Employers Run Risks by Researching Potential Employees on Facebook
There are significant risks for employers who use Facebook and other social media to research potential employees.
According to one study conducted by Carnegie Mellon University a small percentage of employers, between ten percent and a third of companies, use social media to research potential employees. While most employers are likely to deny that they violate discrimination laws, the study suggests that researching social media information may result in unlawful discrimination, whether consciously or not.
Information that potential employees post may present or suggest factors that if used to disqualify them from employment might violate federal and state laws designed to prevent specific acts of discrimination. Such information may be used intentionally by potential employers or unconsciously may influence hiring decisions. Once the employer has the information, particularly when that information relates to gender, religious preferences, age, marital status, or sexual orientation, it may prove a liability in any defense against unlawful discrimination.
A second more recent study conducted by North Carolina State University presents another liability of using social media research for potential employees: it alienates the very individuals that the employer seek to hire. Will Stoughton, a Ph.D. student at the university and the lead researcher, notes that the hiring process is an applicant’s first impression of an employer and serves to indicate how the employer treats its employees. Further, he suggests that if potential employees believe an employer has compromised their personal privacy it will place the employer at a competitive disadvantage for quality personnel.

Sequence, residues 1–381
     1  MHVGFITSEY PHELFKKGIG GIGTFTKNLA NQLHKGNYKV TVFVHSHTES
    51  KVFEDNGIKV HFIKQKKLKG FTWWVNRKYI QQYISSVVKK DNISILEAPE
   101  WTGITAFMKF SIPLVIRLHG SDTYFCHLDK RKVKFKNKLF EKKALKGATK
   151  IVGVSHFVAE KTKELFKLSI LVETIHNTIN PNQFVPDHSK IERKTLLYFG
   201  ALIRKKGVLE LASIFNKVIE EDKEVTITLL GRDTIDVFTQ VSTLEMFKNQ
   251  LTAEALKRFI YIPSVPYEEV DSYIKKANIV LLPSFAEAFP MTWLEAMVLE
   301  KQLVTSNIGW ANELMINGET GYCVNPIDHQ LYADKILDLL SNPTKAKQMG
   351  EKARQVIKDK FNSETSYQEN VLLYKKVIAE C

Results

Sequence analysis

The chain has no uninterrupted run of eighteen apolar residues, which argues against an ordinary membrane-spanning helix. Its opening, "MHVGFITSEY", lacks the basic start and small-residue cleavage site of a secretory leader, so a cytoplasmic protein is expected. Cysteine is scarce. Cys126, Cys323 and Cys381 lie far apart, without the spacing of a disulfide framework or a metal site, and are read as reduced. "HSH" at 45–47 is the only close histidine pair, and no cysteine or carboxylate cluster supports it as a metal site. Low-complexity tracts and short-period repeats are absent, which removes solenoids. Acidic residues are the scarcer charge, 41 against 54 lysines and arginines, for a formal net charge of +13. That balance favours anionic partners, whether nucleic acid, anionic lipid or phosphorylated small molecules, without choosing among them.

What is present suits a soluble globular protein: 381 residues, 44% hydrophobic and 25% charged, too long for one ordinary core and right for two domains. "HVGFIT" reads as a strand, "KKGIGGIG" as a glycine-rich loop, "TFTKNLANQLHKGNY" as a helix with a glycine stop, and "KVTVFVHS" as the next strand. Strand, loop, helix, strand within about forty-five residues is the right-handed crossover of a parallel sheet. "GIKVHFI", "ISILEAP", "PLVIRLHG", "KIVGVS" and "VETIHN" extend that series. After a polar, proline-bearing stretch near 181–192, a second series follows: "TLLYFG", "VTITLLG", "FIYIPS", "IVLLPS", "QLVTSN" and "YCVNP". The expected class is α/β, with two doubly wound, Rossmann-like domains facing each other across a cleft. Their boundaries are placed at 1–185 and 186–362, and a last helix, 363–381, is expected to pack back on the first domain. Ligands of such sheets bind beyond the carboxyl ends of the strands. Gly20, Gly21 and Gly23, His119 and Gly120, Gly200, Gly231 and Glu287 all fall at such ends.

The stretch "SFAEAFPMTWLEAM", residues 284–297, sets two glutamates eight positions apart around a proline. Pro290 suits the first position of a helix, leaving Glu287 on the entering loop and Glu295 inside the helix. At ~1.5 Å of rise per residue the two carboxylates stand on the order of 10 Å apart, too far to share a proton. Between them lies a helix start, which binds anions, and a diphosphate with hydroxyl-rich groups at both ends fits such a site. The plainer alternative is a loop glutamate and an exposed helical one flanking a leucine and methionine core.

One might question whether a potential employee should have any expectation of privacy for information shared on social media, particularly since they determine what information to share and with whom. However, legislation was proposed in North Carolina during this past year to prevent employers from requiring applicants to disclose access information for social media accounts precisely because the practice of using social media as a research tool so has gained momentum.
According to the study, most participants deemed the act of accessing their Facebook profiles by potential employers to be inappropriate even when that information is public. Further, they reported a negative impression of the company for doing so.
In the end, using social media as a screening tool can create more liabilities than benefits for employers. Employers may be well served to develop and enforce human resource policies that seek information directly from applicants, former employers and references instead of resorting to research tactics used by private investigators.
Ivie Law Firm can help you design and implement human resource policies and procedures to avoid unlawful discrimination, potential litigation and alienation of personnel. Call, email or use the Contact Form for additional information.